Talks between Chinese President Xi Jingping and Donald Trump during the G20 Buenos Aires summit concluded with verbal agreements to postpone further tariffs from either side for a period of 90 days.
The Trump-Xi meeting, conducted during the G20 summit being held in Argentina, concluded with a major concession by the United States and some equally-surprising concessions from China.
According to a statement just released by the White House, Donald Trump has agreed to hold off on increasing tariffs scheduled to go from 10% to 25% as of January 1, 2019. Trump has also agreed not to proceed with a plan to apply tariffs to the other $267 billion worth of Chinese imports which enter the U.S. annually, for now at least.
In parallel, China will hold off on any further tariffs of its own. President Xi has further agreed to purchase a “very substantial” amount of industrial, energy, and food products from the United States, with the agricultural purchases happening almost immediately.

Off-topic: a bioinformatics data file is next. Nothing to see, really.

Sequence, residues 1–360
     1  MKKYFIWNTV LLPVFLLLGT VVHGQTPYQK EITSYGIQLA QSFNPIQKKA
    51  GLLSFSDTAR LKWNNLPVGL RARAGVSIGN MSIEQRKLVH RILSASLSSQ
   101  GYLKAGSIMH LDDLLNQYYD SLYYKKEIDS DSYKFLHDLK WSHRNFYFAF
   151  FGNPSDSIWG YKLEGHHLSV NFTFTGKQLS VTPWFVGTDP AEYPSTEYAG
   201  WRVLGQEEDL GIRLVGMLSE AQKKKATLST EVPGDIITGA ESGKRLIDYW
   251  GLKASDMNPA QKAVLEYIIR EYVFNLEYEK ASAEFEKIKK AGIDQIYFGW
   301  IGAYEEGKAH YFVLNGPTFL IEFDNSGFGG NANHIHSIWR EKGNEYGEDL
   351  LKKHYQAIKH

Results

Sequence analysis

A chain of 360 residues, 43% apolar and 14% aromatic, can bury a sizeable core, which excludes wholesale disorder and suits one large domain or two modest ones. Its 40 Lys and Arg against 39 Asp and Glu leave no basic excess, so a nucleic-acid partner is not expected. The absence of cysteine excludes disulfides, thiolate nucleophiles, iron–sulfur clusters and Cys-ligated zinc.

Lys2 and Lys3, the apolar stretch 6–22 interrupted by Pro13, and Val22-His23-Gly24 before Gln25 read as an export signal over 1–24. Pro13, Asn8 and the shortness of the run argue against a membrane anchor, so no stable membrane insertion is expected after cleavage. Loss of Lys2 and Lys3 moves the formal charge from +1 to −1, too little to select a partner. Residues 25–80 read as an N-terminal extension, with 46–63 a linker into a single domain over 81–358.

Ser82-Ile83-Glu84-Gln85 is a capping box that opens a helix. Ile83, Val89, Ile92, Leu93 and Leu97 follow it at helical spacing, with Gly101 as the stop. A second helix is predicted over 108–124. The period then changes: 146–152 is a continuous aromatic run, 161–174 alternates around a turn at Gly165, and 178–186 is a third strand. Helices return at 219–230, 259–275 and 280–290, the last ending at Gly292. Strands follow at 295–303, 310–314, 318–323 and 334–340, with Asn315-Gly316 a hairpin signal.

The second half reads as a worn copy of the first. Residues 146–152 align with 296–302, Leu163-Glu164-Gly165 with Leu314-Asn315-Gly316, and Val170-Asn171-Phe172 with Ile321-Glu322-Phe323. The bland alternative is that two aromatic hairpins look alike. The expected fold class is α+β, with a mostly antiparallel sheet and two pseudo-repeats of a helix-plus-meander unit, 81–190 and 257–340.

China also apparently is now “open to approving the previously unapproved” plan for U.S.-based Qualcomm to purchase Netherlands-based NXP Semiconductors. China had previously held off regulatory approval for Qualcomm to purchase the company as part of an estimated $44 billion acquisition.
In an important side agreement, President Xi also agreed to designate fentanyl formally as a controlled substance. This appears to be a concession to a U.S. government report which came out last week as highly critical of China’s meager attempts to keep local synthetic opioid producers under tighter control.
Both China and the U.S. have agreed that they must reach agreements on a variety of trade and legal issues within the 90-day tariff ‘hold’ period. Those issues include everything from cyber theft and alleged intellectual property crimes by China, to reaching agreement on removal of certain non-tariff barriers, technology transfer policies, and agricultural complaints. If the two countries do not reach common ground on these issues within the 90 days, the United States plans at least to go ahead with raising its Chinese import tariffs to 25 percent.